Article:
How many people out there have a bunch of celery leftover in the fridge after making soup? I do…it seems that celery often wins for best ingredient in a supporting role, but not often is it a lead ingredient.
Several days ago, I looked in the fridge and saw that there were still leftovers of the celery that I bought for soup and chicken pot pie. I thought of a dish that reminds me of home- my mom’s beef, celery, and dou fu gan (extra firm seasoned tofu). There would be sliced flank steak that was lightly marinated, there was tender-crisp celery, then dou fu gan for some meaty texture. Sadly, there was no dou fu gan to be found, but I did have beef, so I decided to make it without. It was still good, just different!
Qin Cai Chao Niu Rou
Celery and Beef
6 ounces beef- flank steak, shoulder steak, or any on sale-sliceable beef
1/2 tsp cornstarch
1 1/2 tsp soy sauce
4-7 stalks of celery, including leaves, if you see them
4 cloves of garlic
2 slices of ginger (optional)
2-3 Thai chilies or whatever other chilies you may like (optional)
Salt to taste
1) Slice the beef into thin strips. Make sure to slice your beef against the grain, not with!
2) Marinate the beef in cornstarch and soy sauce and let it sit while you slice celery. Slice the celery on the diagonal, with cuts about 1/4 inch in thickness.
3) Slice the garlic, ginger and Thai chilies (if you are using them).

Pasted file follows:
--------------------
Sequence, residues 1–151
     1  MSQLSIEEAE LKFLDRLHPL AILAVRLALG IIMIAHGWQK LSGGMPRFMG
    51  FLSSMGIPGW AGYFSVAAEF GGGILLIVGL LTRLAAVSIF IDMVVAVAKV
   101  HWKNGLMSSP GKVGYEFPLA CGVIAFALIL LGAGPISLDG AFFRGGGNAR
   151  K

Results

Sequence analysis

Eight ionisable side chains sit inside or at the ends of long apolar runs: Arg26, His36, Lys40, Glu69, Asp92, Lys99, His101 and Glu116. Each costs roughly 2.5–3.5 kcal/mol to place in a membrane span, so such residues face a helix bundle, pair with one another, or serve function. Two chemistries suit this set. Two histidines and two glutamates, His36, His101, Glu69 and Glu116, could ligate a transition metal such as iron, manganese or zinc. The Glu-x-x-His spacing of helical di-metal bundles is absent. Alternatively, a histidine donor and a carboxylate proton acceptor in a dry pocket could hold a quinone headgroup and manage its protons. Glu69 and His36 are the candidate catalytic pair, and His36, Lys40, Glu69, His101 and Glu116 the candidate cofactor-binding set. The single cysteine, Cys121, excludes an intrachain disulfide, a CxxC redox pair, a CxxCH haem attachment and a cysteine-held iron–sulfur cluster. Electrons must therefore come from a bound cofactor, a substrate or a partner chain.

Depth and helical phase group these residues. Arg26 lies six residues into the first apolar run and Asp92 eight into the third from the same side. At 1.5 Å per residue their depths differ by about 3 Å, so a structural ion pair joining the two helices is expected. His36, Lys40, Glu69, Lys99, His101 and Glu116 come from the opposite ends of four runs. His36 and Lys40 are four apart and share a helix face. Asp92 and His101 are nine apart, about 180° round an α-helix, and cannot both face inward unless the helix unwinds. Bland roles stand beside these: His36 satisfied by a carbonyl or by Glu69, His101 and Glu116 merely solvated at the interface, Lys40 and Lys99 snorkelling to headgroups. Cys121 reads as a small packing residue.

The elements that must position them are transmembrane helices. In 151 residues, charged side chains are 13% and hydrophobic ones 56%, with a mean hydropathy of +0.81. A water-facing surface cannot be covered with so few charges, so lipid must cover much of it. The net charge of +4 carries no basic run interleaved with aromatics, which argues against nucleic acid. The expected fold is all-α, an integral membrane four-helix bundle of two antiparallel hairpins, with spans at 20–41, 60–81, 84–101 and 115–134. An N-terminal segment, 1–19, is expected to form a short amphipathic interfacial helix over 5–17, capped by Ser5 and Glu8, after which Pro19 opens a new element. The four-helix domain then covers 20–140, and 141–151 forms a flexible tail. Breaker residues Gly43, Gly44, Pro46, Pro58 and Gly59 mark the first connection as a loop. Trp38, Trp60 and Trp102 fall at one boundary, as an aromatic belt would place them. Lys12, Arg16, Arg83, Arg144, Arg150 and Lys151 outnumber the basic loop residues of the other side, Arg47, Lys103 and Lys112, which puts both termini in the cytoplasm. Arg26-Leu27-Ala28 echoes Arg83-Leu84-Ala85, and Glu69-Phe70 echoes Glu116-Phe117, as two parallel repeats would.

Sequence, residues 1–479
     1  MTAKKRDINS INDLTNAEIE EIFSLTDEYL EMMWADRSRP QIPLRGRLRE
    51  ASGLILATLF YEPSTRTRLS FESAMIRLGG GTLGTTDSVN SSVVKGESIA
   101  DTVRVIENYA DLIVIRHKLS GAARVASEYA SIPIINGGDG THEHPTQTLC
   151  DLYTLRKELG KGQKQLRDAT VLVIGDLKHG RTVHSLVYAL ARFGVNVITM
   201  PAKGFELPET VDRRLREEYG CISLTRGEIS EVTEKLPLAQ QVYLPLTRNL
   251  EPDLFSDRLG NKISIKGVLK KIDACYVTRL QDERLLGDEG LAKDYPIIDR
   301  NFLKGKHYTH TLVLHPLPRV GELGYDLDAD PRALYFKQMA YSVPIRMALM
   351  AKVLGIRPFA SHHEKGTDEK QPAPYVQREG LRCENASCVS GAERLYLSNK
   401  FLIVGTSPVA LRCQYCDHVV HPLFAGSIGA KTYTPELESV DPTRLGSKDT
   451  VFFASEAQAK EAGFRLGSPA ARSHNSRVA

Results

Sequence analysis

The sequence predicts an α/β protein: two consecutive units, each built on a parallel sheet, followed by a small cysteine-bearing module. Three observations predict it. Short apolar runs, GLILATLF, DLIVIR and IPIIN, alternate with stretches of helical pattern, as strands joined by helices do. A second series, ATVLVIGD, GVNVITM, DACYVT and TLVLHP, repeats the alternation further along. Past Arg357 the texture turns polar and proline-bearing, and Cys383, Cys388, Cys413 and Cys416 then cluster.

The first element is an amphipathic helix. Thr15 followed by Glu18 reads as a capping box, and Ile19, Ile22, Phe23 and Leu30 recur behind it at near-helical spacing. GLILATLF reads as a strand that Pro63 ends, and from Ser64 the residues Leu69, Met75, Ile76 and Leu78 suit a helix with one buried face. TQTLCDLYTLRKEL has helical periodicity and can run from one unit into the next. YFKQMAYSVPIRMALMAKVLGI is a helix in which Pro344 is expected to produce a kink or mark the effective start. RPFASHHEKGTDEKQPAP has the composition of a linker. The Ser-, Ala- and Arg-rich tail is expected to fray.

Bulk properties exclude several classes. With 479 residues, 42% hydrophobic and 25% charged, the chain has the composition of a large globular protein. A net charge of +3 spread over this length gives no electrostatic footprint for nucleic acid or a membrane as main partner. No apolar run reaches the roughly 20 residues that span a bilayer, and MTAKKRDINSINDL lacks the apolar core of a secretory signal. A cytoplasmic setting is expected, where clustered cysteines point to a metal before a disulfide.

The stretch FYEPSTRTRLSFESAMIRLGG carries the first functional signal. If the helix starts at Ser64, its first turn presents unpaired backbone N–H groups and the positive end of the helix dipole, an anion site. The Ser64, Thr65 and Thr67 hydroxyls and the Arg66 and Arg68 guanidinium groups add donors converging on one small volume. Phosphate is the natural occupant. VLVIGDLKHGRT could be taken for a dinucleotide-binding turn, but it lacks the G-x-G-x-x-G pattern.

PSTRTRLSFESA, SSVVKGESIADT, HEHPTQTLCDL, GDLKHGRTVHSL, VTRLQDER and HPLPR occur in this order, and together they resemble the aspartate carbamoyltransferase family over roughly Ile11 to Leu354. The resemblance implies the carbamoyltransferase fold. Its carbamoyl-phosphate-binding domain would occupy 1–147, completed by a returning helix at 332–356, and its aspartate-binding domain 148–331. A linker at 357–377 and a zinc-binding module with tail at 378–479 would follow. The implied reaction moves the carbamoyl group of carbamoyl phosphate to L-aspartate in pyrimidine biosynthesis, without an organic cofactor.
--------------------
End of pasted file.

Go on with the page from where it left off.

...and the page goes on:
4) Heat a saute pan up, and add oil to coat the pan once it is hot.
5) Cook the beef briefly, until 80% of the strips have turned color, from red to brownish/gray. Remove from heat.
6) If the beef ate up most of the oil, now is the time to add a little more oil. Then, add the garlic, ginger and Thai chilies, and saute until you can smell them.
7) Add celery, and saute until it is slightly softened but still crisp.
8) Add the beef and any accumulated juices back into the pan, and heat the beef up. Season with salt.
9) Eat! This goes well with rice, and also with thin noodles.
-“Slice against the grain”- if you see the lines or grains in the meat running left to right, make sure to slice perpendicularly- up and down.
-If you have Chinese or Taiwanese celery (Which has a much stronger bite to it), it would also be great in this dish.
-If you only have ground beef, you can use that too, but it won’t have as good of a 口感-kou gan or mouth feel/texture as sliced beef.
-If you wish, feel free to add 4-8 ounces of thinly sliced dou fu gan. Add them in when you add the celery.
-I guess we were a vegetable-loving family. Often times when my mom made dishes with vegetables and meat, there would always be some meat left behind, regardless of how many vegetables she added! We loved meat, but also loved vegetables and knew that vegetables were good for us. (Hence the large range for the recommended number of celery stalks…)
-When mama made this dish, she would use just garlic- ginger and Thai chilies were my addition.
-If there were leftovers of this dish, my mom would cook somen , (which cooked in seconds), then add the leftovers. The noodles would soak up all the beefy/celery sauce. Best breakfast/lunch ever!